Kobalt CEO Laurent Hubert has told Music Week of his desire for the independent giant to be considered "the only alternative to the majors".
Hubert, who joined the company six years ago from BMG and succeeded founder Willard Ahdritz in the hot seat in 2020, and led Kobalt to the first profit-making year in its history, as it generated $48.5 million EBITDA in 2021, growing gross collections by 15%.
Speaking in the Music Week Interview in our latest issue, the US-based executive set out his big picture thinking for the next phase of the famous disruptor, whose UK sync department won at this year's Music Week Awards.
“We want to be the only alternative to the majors,” he said. “We want to be that company where you don’t have to make compromises. When you go to Kobalt, you get the benefits of scale, transparency and a service-oriented organisation.
"We understand the landscape is very rich and you have big, strong majors that are entrenched and successful. You also have some remarkable independent companies that have a real role in the ecosystem. But there is really no one like Kobalt that has the scale, the resources and the brand to be that true alternative.”
The trailblazing publisher serves more than 700,000 songs across 13 offices worldwide and represents talent including Max Martin, Finneas, Andrew Watt, Stevie Nicks, Roddy Ricch, Phoebe Bridgers, Foo Fighters and Paul McCartney. Recent signings include UK breakout star Cat Burns and Nigerian Afrobeat artist Omah Lay, who both put pen to paper on worldwide publishing administration agreements.
"We have repertoire across genres and we support developing writer-producers all the way to superstar level," said Hubert. "Of course I’m biased, but we believe our brand is the most trusted in the marketplace. If you look at a number of our signings this year, it shows Kobalt is at the table for every deal. It doesn't mean Kobalt always gets the deal, but at least it is in consideration."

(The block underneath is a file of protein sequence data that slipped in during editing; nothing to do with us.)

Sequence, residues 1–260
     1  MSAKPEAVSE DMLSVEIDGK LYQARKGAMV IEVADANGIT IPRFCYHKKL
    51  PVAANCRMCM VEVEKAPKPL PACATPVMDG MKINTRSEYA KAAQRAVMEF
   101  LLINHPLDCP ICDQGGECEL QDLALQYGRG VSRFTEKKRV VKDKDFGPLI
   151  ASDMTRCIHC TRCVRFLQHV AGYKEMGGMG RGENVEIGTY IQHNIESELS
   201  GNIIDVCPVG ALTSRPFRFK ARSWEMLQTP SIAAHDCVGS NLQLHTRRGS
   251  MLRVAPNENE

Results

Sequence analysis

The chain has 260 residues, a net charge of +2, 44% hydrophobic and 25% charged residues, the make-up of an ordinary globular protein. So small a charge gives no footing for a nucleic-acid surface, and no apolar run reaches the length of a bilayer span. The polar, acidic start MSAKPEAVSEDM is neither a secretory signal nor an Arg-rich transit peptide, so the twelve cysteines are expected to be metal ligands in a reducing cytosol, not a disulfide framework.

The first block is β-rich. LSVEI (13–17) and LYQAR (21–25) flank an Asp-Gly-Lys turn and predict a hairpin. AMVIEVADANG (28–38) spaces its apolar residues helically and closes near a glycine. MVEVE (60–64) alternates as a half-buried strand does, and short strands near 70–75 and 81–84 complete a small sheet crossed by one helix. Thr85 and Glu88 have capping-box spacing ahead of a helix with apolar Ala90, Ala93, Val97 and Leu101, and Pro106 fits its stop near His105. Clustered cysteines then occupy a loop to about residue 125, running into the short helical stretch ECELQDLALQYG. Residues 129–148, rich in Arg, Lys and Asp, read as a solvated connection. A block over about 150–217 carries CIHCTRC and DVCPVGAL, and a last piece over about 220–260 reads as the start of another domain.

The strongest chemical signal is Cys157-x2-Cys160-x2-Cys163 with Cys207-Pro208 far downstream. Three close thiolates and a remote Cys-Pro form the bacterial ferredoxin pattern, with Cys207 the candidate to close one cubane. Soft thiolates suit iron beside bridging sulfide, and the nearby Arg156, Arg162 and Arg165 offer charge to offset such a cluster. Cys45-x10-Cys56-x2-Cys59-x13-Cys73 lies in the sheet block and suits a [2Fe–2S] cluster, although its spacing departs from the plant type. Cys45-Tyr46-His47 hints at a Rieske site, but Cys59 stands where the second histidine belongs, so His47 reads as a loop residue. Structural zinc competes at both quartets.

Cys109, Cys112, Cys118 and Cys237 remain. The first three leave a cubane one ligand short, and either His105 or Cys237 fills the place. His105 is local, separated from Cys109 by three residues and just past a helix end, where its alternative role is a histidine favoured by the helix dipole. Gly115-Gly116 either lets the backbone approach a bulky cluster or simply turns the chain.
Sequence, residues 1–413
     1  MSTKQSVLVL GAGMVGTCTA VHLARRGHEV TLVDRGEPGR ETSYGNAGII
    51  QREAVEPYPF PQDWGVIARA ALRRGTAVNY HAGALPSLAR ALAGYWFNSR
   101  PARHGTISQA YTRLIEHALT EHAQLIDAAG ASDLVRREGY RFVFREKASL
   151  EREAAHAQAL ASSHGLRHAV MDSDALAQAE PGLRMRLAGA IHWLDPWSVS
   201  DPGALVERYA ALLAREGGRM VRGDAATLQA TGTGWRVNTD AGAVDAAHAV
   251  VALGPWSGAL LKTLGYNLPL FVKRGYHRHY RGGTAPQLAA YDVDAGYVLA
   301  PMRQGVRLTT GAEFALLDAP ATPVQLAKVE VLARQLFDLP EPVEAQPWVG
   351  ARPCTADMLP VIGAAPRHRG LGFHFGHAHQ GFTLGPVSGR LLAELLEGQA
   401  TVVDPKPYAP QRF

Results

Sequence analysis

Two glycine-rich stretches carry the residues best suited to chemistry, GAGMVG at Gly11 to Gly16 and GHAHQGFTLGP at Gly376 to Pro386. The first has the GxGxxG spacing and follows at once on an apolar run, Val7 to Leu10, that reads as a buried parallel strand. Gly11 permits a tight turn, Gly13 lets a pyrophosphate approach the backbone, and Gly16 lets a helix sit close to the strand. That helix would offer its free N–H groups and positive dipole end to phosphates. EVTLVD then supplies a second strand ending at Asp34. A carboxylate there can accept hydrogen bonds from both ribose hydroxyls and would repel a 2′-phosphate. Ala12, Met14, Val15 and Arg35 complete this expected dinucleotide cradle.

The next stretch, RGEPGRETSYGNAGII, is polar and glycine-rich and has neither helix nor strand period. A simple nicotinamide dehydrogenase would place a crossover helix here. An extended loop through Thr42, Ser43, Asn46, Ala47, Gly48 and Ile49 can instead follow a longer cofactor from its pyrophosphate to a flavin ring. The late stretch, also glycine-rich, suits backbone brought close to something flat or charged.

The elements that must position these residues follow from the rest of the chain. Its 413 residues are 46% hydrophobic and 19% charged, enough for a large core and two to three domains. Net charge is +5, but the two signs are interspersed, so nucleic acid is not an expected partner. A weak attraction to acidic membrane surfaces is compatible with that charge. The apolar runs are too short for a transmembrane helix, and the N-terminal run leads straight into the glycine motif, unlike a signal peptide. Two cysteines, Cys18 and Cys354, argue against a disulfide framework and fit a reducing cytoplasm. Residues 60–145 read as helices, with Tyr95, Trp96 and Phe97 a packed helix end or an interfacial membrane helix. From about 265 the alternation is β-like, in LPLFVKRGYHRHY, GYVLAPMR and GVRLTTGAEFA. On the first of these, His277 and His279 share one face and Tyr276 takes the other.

Last month, it was announced that global technology and media-focused investment firm Francisco Partners (FP) had acquired a majority stake in Kobalt, which has continued to be led by its existing management team of Hubert, president and COO Jeannette Perez, CFO Catrin Drabble and CTO Nuno Guerreiro.
“We had a shareholder base that was quite diffuse, so it made sense for us to have simplified governance and FP was an interesting opportunity on different levels,” said Hubert. “It was fundamental for us to have [people] that understood music. We’ve built an aspirational brand; a creative destination and music is what drives our business, so the interest in music was critical."
He continued: "FP brings ambitions of its own and we have some pieces inside of our ecosystem that we can do a lot with. [Kobalt's global digital collection society] AMRA is one of those – I think it is a gem that we can put to work for the betterment of the industry and, of course, the benefit of Kobalt as well.
"AMRA is a fairly new business that has grown quite significantly in the past 24 months as the digital transformation of music has accelerated. We think that AMRA’s business can be quadrupled in a fairly short amount of time.”
MUSIC and Dundee Partners have also invested in Kobalt, with MUSIC CEO Matt Pincus - whose Songs Music Publishing was previously acquired by Kobalt in 2017 - joining the board upon the completion of the deal.
"Matt Pincus has a great track record in the industry and is also somebody that I've known for a long time," noted Hubert. "We both serve on the NMPA and ASCAP board, and I always looked at Matt as a thought leader, a thought provoker and also a good problem solver, so bringing that expertise to the company is a benefit. He is somebody that had also made some interesting investments in the music space, especially around tech-enabled companies, so it all made sense for us.
"What you will find across all these people is a common core around that passion for music and creators, and making that environment better and more sustainable. That is fully aligned with our philosophy from day one."
"It simplified our ecosystem," he said. "The reality is that neighbouring rights, AWAL and the publishing business have little [crossover] from an operational standpoint. You may have revenue synergies - which we somewhat benefited from, although not enormously - but we didn’t have much of an operational synergy. So the idea of separating those businesses from the core Kobalt business has actually been positive.
“We went from five businesses to two businesses, so by definition, that is an opportunity for us to excel at what we believe we do best."
Read the full interview with Hubert in the new issue of Music Week.